In the modern day, there are dozens or possibly even hundreds of different interconnected assets, networks, and systems that we rely on every day for the normal functioning of society. Without these various infrastructure components, we wouldn’t be able to enjoy the benefits of living in the 21st century – small-scale disruptions to these components would result in the temporary loss of crucial capabilities.
But, if escalated to a larger scale, society would be plunged into a catastrophic black sky event, resulting in cascading failures and a serious threat to human continuity. Examples include conflicts between nations where an aggressor seeks to disable their opponent’s ability to communicate or mobilize. And what better way for a domestic or international terrorist group to sow confusion and fear than to prevent our critical infrastructure from functioning and, in turn, our successful ability to respond and recover?
In other words, it is fundamental to the safety and prosperity of a nation to provide reliable critical infrastructure security.
Critical infrastructure security involves identifying, prioritizing, and then providing plans to protect both physical and electronic infrastructures instrumental in the proper functioning of society. By using physical security, such as EMP Shields, and cybersecurity, critical infrastructure security ensures that a country’s government and financial markets can continue functioning unimpeded or with minimal disruption in the wake of either an intentional attack or a natural disaster.
The different infrastructure sectors that fall under critical infrastructure security are varied. However, when regarded together, these sectors make up the majority of any society’s ability to function – and the disruption of even one of these infrastructure sectors can have disastrous results for those living within that society. They typically include defense and national security, banking and finance, transportation and supply chains, communications, and healthcare, to name but a few.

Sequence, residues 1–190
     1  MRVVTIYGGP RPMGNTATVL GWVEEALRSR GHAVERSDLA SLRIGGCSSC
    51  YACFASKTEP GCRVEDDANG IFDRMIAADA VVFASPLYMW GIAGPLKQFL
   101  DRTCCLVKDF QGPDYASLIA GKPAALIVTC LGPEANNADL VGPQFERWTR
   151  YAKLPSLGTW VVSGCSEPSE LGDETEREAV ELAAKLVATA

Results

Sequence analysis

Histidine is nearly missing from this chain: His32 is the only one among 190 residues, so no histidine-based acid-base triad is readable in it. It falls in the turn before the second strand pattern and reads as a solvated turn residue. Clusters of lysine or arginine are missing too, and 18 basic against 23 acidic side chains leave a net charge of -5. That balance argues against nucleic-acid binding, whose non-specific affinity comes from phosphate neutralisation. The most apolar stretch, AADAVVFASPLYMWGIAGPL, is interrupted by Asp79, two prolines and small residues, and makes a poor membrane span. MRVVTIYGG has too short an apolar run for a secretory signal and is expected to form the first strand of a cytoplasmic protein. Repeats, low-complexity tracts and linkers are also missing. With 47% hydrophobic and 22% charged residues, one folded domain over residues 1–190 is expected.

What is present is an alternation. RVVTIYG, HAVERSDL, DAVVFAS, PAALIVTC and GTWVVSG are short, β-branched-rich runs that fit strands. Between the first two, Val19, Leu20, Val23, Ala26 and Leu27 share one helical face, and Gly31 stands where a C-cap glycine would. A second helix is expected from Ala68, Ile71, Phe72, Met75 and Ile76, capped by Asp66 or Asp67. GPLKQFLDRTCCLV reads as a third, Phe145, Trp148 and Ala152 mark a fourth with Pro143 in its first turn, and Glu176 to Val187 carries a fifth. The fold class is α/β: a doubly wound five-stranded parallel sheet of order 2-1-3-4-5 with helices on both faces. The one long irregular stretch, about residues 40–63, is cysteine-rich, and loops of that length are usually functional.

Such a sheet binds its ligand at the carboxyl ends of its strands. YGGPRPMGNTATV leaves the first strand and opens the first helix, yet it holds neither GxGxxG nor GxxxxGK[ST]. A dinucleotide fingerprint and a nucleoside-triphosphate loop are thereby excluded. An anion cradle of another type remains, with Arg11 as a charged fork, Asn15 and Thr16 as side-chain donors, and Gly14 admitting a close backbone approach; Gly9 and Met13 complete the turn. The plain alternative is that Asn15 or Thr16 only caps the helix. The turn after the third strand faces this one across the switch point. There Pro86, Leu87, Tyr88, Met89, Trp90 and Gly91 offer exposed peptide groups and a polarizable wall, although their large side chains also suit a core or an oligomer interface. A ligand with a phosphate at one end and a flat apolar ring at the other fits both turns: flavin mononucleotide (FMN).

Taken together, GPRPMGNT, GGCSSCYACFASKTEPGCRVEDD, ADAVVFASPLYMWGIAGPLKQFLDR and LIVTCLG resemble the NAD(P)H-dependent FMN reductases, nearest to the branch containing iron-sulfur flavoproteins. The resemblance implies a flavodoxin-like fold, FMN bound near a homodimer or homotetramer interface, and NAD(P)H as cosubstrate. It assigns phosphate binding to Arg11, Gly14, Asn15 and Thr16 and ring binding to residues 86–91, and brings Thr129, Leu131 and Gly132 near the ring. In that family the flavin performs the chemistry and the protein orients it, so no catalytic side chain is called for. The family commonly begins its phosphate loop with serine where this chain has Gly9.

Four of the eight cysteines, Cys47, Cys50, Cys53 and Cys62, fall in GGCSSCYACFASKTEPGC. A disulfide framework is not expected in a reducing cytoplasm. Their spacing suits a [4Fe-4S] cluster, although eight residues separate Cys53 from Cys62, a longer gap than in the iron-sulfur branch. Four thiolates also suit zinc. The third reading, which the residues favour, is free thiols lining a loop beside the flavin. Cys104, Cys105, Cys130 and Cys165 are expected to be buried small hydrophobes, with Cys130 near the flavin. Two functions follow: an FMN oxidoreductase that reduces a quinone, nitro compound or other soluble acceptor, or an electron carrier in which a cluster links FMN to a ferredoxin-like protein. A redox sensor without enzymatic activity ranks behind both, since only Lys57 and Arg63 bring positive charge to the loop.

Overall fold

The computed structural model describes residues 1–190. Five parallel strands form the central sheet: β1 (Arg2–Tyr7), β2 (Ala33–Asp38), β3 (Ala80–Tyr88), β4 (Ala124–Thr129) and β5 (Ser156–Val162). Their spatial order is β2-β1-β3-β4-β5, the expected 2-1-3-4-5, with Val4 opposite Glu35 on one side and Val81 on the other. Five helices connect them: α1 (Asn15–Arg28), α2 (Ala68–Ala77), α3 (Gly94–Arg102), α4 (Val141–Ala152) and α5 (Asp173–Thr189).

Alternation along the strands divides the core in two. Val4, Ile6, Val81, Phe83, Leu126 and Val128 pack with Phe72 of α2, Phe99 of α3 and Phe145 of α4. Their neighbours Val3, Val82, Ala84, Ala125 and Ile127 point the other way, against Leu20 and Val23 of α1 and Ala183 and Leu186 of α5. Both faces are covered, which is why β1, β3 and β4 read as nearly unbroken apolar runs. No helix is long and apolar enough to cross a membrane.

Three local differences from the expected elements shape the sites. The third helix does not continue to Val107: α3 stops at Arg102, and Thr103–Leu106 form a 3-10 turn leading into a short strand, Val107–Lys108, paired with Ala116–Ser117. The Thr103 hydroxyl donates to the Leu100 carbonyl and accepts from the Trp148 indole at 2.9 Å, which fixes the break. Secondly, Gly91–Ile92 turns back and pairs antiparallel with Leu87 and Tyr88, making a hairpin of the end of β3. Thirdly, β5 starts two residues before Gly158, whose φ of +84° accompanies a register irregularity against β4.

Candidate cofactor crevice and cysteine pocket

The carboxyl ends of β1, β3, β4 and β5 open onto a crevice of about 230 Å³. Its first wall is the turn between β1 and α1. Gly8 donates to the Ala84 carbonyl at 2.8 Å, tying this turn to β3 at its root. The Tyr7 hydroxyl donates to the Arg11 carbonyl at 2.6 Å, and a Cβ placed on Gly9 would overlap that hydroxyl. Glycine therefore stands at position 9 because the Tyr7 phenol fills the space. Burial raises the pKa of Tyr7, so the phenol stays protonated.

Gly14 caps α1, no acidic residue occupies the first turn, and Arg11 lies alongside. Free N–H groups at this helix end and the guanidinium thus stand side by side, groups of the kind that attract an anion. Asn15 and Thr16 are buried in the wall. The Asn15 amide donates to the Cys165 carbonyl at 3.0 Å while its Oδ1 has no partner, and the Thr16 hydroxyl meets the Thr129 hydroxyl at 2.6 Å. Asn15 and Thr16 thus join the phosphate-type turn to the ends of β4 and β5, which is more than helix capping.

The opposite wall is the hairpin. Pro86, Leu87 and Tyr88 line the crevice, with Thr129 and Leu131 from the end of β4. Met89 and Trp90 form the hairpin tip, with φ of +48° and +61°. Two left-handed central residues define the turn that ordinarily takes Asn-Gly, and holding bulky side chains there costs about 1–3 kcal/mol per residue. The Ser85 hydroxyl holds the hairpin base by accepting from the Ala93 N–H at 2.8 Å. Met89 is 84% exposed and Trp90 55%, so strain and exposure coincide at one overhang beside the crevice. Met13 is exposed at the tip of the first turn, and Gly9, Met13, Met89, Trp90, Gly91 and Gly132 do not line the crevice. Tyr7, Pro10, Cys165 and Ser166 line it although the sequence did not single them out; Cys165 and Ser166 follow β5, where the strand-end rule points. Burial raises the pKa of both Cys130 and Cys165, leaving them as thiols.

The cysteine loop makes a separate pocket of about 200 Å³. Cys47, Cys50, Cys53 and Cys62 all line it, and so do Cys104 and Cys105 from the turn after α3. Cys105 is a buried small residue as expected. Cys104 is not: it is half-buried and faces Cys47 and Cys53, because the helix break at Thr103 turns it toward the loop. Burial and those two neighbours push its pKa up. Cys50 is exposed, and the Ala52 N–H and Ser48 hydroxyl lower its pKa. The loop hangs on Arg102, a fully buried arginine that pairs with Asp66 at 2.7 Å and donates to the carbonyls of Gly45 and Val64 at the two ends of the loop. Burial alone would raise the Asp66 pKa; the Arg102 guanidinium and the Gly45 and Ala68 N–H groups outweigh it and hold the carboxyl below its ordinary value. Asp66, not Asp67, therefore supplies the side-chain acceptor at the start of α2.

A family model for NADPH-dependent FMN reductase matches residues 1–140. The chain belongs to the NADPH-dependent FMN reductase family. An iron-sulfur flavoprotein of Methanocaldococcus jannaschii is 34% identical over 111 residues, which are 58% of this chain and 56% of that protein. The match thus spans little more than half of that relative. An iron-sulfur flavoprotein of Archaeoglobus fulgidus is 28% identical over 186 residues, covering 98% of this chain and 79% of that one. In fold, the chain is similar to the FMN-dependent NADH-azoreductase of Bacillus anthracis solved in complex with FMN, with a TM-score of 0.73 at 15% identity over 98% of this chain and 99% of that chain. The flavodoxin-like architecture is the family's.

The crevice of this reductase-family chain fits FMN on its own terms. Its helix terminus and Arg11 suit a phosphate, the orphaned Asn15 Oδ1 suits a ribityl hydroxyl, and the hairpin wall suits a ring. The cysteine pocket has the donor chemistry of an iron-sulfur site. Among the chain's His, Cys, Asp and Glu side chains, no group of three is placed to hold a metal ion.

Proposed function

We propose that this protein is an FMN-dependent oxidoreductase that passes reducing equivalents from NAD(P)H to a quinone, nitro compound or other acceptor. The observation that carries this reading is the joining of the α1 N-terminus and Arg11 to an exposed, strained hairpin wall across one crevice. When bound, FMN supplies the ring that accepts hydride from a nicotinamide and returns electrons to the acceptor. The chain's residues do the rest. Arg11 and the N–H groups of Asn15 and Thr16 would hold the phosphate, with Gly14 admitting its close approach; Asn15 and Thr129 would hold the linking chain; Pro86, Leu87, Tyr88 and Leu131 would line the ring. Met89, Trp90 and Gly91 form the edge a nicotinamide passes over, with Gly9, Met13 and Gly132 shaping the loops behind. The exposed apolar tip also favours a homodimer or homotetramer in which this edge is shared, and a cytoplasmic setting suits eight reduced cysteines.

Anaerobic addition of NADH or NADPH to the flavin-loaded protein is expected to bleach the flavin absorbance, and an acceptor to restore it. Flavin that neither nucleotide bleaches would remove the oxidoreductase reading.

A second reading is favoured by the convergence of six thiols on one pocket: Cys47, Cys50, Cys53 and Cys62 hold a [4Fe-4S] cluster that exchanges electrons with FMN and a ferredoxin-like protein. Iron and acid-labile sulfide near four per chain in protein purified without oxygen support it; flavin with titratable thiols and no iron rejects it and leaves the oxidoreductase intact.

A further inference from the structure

Any number of events might result in one or several critical infrastructure sectors being temporarily disrupted or indefinitely disabled. It is the job of critical infrastructure security to prevent such happenings. A handful of these events include:
Identifying and categorizing any threats a society faces when it comes to the continued operation of its critical infrastructure is simply the first step in providing infrastructure security. It is also necessary to design strategies to deter these threats. Many of these deterrence and prevention methods are already widely in use. The US Department of Homeland Security, for instance, is explicitly tasked with preventing terror attacks on US soil. Likewise, the Department of Defense and the US armed forces are in the business of deterring disruptions on a geopolitical scale using cybersecurity countermeasures.
These critical infrastructure security methods are also strongly demonstrated by the US response to the COVID-19 pandemic. Actions taken by the federal government to institute lockdowns, mandate the wearing of masks, provide crucial healthcare resources to hospitals, and facilitate the development and rollout of coronavirus vaccines have all been undertaken to keep society functioning. A natural disaster, like a pandemic, is less about prevention; the Federal Emergency Management Agency (FEMA) is tasked with providing temporary infrastructure elements to locations where a natural disaster has disrupted them.
However, there is one modern threat to critical infrastructure resilience that, while yet to occur, is indeed a possibility that must be considered. Unfortunately, it is also the one threat that has the most potential to have long-term infrastructure disruption as a consequence. EMPs, both those that are artificially induced or naturally occurring, can be absolutely devastating on a larger scale – and it is crucial that world governments develop countermeasures to such effects.